Adolf Hitler wanted more land, especially in the east, to expand Germany according to the Nazi policy of lebensraum. Hitler used the harsh limitations that were set against Germany in the Versailles Treaty as a pretext for Germany's right to acquire land where German-speaking people lived. Germany successfully used this reasoning to envelop two entire countries without starting a war.
Austria: On March 13, 1938, Germany took over Austria (termed the Anschluss) - a contingeny specifically disallowed in the Versailles Treaty.
Czechoslovakia: At the Munich Conference on September 28-29, 1938, the French and the British handed Germany a large portion of Czechoslovakia. Hitler then took the rest of Czechoslovakia by March 1939.
Many people have wondered why Germany was allowed to take over both Austria and Czechoslovakia without a fight. The simple reason is that Great Britain and France did not want to repeat the bloodshed of World War I. They believed, wrongly as it turned out, they could avoid another world war by appeasing Hitler with a few concessions (such as Austria and Czechoslovakia). At this time, Great Britain and France did not understood that Hitler's goal of land acquisition was much, much larger than any one country.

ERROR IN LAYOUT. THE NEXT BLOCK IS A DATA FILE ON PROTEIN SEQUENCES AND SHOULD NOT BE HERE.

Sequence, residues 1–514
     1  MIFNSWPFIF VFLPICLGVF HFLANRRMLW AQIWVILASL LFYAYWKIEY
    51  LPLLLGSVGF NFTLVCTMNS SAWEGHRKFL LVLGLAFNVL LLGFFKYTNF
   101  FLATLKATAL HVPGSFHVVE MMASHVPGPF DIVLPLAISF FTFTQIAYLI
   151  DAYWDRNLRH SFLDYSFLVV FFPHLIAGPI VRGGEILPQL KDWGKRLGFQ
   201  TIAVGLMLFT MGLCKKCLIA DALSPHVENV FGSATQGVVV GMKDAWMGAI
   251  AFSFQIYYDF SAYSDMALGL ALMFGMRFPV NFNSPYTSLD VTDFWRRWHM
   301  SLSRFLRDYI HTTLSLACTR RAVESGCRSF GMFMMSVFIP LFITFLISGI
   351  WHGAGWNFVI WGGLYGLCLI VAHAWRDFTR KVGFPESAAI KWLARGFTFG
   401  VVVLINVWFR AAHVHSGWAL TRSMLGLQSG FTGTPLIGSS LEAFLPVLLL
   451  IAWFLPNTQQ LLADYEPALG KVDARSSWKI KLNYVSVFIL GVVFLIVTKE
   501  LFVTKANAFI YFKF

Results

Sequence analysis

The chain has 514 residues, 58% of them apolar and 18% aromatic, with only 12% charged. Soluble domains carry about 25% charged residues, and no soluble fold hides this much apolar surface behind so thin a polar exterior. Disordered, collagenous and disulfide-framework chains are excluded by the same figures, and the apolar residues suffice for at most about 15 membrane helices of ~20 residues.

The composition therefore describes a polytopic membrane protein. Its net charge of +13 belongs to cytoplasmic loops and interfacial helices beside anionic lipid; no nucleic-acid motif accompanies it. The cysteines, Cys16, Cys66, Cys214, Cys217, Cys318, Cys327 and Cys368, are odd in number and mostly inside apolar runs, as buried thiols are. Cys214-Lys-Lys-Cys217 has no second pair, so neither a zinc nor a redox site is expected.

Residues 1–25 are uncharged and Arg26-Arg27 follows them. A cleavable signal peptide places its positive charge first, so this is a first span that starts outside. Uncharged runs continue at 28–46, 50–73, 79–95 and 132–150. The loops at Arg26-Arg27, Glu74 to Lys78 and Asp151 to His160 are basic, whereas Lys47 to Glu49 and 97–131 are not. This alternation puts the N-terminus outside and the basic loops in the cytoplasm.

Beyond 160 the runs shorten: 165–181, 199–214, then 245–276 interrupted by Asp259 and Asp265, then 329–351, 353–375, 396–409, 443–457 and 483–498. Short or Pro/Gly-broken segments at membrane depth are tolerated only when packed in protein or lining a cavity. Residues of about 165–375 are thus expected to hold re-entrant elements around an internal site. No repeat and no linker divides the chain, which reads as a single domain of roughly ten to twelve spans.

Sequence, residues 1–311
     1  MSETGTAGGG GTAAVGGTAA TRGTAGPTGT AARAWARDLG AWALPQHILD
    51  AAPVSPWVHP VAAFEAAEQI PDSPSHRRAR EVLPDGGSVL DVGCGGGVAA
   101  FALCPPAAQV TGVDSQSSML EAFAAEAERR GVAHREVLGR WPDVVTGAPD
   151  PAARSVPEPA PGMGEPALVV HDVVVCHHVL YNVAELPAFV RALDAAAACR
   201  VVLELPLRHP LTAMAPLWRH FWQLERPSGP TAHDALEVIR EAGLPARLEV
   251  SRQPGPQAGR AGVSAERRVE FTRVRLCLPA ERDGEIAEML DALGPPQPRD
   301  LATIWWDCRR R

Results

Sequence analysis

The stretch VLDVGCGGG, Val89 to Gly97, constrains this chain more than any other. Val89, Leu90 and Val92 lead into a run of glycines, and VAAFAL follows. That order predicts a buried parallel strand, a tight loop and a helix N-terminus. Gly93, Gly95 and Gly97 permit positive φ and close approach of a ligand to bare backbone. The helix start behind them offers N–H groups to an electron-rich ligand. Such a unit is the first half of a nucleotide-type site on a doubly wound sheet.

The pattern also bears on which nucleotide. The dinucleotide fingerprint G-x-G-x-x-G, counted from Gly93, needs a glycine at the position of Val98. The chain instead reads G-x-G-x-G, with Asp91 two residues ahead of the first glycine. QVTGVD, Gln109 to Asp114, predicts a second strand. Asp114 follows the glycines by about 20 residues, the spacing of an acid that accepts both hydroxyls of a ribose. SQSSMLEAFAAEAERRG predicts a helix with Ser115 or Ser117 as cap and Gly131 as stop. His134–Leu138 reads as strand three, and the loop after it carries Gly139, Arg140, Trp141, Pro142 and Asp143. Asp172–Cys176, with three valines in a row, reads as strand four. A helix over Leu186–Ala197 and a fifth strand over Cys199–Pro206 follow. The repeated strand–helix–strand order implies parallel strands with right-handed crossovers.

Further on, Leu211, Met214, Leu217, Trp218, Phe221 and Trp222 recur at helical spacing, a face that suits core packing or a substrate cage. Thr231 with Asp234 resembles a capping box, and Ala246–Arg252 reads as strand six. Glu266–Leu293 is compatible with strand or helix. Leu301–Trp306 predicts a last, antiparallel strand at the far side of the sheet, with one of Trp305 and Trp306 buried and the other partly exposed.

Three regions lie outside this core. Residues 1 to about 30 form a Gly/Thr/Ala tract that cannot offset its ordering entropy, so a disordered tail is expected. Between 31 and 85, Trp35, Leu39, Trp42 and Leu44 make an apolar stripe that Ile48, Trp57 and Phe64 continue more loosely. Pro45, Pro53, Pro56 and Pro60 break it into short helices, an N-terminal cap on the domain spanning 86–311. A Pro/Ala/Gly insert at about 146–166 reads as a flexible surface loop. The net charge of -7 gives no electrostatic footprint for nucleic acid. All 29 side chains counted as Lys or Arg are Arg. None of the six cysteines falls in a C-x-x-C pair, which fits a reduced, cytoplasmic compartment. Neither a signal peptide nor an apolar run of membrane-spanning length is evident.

After having gained both Austria and Czechoslovakia, Hitler was confident that he could again move east, this time acquiring Poland without having to fight Britain or France. (To eliminate the possibility of the Soviet Union fighting if Poland were attacked, Hitler made a pact with the Soviet Union - the Nazi-Soviet Non-Aggression Pact.)
So that Germany did not officially seem the aggressor (which it was), Hitler needed an excuse for attacking Poland. It was Heinrich Himmler who came up with the idea; thus the plan was code-named Operation Himmler.
On the night of August 31, 1939, Nazis took an unknown prisoner from one of their concentration camps, dressed him in a Polish uniform, took him to the town of Gleiwitz (on the border of Poland and Germany), and then shot him. The staged scene with the dead prisoner dressed in a Polish uniform was supposed to appear as a Polish attack against a German radio station.
Hitler used this staged attack